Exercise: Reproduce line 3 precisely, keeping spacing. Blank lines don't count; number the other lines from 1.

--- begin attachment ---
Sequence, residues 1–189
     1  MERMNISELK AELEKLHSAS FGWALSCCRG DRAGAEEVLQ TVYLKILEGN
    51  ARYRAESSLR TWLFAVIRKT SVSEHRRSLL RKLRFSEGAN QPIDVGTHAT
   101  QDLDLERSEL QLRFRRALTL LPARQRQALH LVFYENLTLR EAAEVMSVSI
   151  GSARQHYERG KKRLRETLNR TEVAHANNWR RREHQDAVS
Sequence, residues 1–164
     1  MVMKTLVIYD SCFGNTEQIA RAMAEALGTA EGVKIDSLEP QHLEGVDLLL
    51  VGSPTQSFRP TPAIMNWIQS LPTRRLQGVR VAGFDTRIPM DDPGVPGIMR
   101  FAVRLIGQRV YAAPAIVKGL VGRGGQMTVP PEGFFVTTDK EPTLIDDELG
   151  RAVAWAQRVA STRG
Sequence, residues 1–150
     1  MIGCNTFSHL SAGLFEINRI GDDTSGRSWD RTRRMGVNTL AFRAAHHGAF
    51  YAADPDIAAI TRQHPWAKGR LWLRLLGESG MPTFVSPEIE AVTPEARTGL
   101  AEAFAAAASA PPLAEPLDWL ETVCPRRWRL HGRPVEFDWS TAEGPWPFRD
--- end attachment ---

    51  ARYRAESSLR TWLFAVIRKT SVSEHRRSLL RKLRFSEGAN QPIDVGTHAT